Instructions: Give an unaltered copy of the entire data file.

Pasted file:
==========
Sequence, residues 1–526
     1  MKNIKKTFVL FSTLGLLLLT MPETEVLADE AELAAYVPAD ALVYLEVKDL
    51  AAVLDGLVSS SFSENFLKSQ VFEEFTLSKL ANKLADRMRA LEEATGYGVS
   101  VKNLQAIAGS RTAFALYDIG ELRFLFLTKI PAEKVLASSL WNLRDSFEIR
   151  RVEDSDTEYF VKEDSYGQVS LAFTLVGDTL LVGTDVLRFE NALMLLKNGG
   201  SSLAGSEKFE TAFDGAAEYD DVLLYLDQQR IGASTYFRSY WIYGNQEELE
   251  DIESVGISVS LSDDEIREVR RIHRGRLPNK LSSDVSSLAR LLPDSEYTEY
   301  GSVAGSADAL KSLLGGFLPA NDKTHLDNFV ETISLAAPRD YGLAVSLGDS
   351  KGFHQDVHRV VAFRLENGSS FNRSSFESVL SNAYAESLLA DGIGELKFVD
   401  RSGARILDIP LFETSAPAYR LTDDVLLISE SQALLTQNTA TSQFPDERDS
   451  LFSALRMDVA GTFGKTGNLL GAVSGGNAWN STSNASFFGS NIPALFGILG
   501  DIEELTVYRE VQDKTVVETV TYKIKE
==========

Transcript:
Sequence, residues 1–526
     1  MKNIKKTFVL FSTLGLLLLT MPETEVLADE AELAAYVPAD ALVYLEVKDL
    51  AAVLDGLVSS SFSENFLKSQ VFEEFTLSKL ANKLADRMRA LEEATGYGVS
   101  VKNLQAIAGS RTAFALYDIG ELRFLFLTKI PAEKVLASSL WNLRDSFEIR
   151  RVEDSDTEYF VKEDSYGQVS LAFTLVGDTL LVGTDVLRFE NALMLLKNGG
   201  SSLAGSEKFE TAFDGAAEYD DVLLYLDQQR IGASTYFRSY WIYGNQEELE
   251  DIESVGISVS LSDDEIREVR RIHRGRLPNK LSSDVSSLAR LLPDSEYTEY
   301  GSVAGSADAL KSLLGGFLPA NDKTHLDNFV ETISLAAPRD YGLAVSLGDS
   351  KGFHQDVHRV VAFRLENGSS FNRSSFESVL SNAYAESLLA DGIGELKFVD
   401  RSGARILDIP LFETSAPAYR LTDDVLLISE SQALLTQNTA TSQFPDERDS
   451  LFSALRMDVA GTFGKTGNLL GAVSGGNAWN STSNASFFGS NIPALFGILG
   501  DIEELTVYRE VQDKTVVETV TYKIKE